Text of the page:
Special Issue "Music Therapy"

A special issue of Medicines (ISSN 2305-6320).

Deadline for manuscript submissions: closed (30 November 2018).

Special Issue Editor

Prof. Dr. Suzanne Hanser
E-Mail Website
Guest Editor
Music Therapy Department, Berklee College of Music, Boston, 02215 MA, USA
Interests: music therapy in integrative medicine/health; stress and pain management; oncology; cardiology

Special Issue Information

Dear Colleagues,

According to the American Music Therapy Association, music therapy refers to the “clinical and evidence-based use of music interventions to accomplish individualized goals for people of all ages and ability levels within a therapeutic relationship by a credentialed professional who has completed an approved music therapy program”. In the medical setting, music therapists serve people who are coping with pain, anxiety, unpleasant symptoms, challenges due to hospitalization, compliance with uncomfortable procedures and treatments, and the distress associated with functional limitations and illness. Currently, as complementary and integrative medicine and health are partnering with conventional practices to provide more holistic approaches to the alleviation of suffering, music therapy is contributing creative interventions for overall wellness and wellbeing.

Research on music therapy in medicine has focused primarily on clinical outcomes and neurological underpinnings of music-based strategies. Promising evidence on pain and stress management supports the effectiveness of music therapy for individuals undergoing surgery or painful procedures, and dealing with a variety of chronic conditions. Yet much of the published literature fails to discriminate between music listening and musical activities conducted by non-music therapists, as opposed to systematic, individualized music therapy by a qualified professional. This Special Issue on “Music Therapy” seeks scientific reports, clinical trials, descriptive/case studies, and systematic reviews of music therapy by trained music therapists in medical settings. Additionally of interest are clinical practice theses, innovative music therapy protocols, and theoretical formulations of potential mechanisms.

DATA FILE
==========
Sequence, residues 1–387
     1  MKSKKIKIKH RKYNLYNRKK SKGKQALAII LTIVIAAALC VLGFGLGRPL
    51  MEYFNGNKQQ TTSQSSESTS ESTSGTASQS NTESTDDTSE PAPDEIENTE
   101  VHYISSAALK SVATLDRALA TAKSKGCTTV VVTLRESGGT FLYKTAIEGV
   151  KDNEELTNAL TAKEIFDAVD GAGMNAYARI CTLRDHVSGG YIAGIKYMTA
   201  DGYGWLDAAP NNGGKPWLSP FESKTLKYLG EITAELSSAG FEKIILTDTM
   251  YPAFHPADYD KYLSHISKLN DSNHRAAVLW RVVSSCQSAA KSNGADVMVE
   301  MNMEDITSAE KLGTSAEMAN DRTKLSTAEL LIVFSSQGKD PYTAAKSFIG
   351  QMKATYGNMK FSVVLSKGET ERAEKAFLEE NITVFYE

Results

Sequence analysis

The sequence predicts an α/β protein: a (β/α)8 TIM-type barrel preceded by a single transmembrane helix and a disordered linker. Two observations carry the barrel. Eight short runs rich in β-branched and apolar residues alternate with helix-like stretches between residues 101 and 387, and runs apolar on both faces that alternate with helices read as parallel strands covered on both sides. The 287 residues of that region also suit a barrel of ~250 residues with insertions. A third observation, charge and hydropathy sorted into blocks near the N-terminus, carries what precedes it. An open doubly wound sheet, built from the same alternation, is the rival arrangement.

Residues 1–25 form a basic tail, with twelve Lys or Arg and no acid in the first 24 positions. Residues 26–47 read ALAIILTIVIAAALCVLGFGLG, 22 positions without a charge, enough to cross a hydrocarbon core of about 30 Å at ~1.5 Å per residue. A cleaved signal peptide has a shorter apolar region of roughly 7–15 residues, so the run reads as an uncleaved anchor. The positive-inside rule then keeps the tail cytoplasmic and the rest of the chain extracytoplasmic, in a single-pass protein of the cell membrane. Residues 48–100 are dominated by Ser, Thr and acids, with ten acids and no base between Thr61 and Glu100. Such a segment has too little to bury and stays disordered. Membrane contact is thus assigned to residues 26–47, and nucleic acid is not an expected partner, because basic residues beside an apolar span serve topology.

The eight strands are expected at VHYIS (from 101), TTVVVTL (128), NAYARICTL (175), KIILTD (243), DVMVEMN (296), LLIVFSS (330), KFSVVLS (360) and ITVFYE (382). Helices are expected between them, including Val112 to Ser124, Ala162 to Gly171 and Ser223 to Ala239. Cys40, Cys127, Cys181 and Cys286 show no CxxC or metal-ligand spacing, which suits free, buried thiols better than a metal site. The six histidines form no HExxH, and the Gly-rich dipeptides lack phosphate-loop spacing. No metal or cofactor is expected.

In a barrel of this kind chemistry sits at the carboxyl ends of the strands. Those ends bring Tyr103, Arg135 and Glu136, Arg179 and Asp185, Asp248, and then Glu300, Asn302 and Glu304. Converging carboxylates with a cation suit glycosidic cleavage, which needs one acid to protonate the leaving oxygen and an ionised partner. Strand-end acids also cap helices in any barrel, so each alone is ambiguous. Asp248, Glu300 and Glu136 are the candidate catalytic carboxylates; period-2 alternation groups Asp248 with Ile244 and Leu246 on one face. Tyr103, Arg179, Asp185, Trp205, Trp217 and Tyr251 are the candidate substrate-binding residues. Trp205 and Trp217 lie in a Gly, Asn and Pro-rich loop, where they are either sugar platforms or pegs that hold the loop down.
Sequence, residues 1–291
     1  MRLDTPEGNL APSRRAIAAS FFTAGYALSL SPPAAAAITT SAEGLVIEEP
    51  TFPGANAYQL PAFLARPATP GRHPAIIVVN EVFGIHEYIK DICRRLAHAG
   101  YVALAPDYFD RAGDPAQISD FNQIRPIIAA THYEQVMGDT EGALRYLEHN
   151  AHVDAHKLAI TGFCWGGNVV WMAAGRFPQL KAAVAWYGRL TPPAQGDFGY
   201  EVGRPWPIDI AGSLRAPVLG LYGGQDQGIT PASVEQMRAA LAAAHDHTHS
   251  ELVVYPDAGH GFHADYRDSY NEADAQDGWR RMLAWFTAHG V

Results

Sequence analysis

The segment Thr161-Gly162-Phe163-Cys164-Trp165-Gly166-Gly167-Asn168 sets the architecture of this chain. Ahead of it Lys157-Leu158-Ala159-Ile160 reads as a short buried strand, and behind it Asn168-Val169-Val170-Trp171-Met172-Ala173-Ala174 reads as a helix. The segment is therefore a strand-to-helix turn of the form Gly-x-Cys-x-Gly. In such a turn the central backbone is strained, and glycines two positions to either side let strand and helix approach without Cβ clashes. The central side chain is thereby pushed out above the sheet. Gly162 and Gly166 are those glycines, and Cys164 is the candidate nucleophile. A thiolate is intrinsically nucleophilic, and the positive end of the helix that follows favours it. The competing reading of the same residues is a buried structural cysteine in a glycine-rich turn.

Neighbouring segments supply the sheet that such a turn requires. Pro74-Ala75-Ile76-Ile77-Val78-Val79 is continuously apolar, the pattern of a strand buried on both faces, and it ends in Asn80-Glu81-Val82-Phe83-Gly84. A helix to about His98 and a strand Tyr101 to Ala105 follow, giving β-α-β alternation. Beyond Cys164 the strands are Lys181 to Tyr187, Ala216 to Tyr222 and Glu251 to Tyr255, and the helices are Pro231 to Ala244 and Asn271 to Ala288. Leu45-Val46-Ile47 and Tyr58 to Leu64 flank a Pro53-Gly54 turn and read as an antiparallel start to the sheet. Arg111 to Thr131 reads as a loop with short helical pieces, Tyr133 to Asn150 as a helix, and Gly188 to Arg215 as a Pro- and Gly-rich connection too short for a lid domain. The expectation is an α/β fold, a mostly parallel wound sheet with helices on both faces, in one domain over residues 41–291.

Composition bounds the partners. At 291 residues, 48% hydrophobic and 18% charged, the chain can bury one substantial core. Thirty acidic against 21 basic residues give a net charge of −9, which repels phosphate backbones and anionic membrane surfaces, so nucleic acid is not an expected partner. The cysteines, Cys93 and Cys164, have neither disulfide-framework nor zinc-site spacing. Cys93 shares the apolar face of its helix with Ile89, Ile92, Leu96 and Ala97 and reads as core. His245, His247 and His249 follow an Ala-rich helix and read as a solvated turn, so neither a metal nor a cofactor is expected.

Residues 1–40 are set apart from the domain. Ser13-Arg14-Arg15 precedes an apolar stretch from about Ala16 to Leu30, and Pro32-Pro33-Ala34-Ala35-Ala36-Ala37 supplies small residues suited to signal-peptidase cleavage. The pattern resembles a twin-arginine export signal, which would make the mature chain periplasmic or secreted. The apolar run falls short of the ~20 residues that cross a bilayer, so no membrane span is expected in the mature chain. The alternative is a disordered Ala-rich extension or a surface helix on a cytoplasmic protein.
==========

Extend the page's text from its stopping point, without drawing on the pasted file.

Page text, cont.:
Prof. Dr. Suzanne Hanser
Guest Editor

Manuscript Submission Information

Manuscripts should be submitted online at www.mdpi.com by registering and logging in to this website. Once you are registered, click here to go to the submission form. Manuscripts can be submitted until the deadline. All papers will be peer-reviewed. Accepted papers will be published continuously in the journal (as soon as accepted) and will be listed together on the special issue website. Research articles, review articles as well as short communications are invited. For planned papers, a title and short abstract (about 100 words) can be sent to the Editorial Office for announcement on this website.

Submitted manuscripts should not have been published previously, nor be under consideration for publication elsewhere (except conference proceedings papers). All manuscripts are thoroughly refereed through a single-blind peer-review process. A guide for authors and other relevant information for submission of manuscripts is available on the Instructions for Authors page. Medicines is an international peer-reviewed open access quarterly journal published by MDPI.

Please visit the Instructions for Authors page before submitting a manuscript. The Article Processing Charge (APC) for publication in this open access journal is 1000 CHF (Swiss Francs). Submitted papers should be well formatted and use good English. Authors may use MDPI's English editing service prior to publication or during author revisions.

Keywords

  • music therapy
  • stress
  • pain
  • music medicine
  • symptom management
  • integrative medicine